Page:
The greatest business tool of the 20th Century might be the computer – but as far as software goes it is probably the Spreadsheet program. I use Excel® everyday for a dozen different purposes and yet I see manufacturing managers that are far more expert than I am – and some that are literally managing almost every facet of their business using Excel®. Go to the bulletin boards in every plant and you will see dozens of beautiful graphs, charts, and trends that explain important information. The thing is manufacturing needs a system that is one version of the truth, easily automated with real-time data from existing source, contains business rules, and presents the information in real-time in the format needed by the audience. Oops, I got carried away. Now – I want to focus now on the selection and tracking of the right KPIs to achieve weight lose goals.

Something snapped in May of 2010 for me, probably another button off the waistband of my pants. Whatever, but I decided to get healthy and in shape. I knew that my habits were against me and I needed to change my behavior. I had to develop key performance indicators that I could track to help me achieve my goals and my tool was going to be Excel®.  Really, I can’t figure why my wife Jaci says I am so much of an engineer about everything.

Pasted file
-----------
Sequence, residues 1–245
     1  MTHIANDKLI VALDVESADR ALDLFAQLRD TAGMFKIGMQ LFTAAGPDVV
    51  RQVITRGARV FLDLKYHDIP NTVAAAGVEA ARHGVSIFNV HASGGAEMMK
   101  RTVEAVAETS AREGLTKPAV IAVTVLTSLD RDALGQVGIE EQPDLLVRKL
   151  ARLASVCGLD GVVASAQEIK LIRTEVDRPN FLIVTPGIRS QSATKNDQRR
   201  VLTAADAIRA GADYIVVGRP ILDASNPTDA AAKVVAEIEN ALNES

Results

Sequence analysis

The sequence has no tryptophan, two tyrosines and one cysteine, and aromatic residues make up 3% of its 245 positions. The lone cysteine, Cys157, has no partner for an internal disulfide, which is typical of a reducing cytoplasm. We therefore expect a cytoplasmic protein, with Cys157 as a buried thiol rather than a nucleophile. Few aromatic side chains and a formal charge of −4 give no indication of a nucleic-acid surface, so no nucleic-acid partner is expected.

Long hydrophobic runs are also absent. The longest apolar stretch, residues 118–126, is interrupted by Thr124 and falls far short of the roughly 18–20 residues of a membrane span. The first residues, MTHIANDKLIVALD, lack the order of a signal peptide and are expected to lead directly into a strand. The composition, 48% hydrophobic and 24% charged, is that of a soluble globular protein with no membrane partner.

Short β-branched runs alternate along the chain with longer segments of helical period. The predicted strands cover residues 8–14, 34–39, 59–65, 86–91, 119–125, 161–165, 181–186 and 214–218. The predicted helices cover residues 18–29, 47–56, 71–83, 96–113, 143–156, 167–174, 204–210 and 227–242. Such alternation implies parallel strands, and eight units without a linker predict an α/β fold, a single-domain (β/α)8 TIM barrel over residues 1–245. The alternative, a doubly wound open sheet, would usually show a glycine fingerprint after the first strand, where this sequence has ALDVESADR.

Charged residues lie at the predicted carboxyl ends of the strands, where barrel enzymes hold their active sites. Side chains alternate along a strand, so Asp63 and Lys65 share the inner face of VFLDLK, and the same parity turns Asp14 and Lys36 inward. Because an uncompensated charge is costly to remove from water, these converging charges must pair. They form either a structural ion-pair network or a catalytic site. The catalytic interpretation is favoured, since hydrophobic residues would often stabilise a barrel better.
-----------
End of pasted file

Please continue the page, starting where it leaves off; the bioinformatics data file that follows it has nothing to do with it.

Take a look at the chart below.

Figure 1

I started on June 1, 2010 at 217 lbs. On September 2, 2010 I weighed 177 lbs.

That is not the story. The story is that tracking the KPIs is what greatly helped me achieve the goals – and if I continue – will help me get to 167 before January 1, 2011.

Pick the right KPIs

I wanted to get in athletic shape and be healthy. This was a good goal but it is general and hard to measure – however, maintaining a healthy weight and being able to run a marathon are good indicators of being in shape. These are the parameters that I chose as KPIs.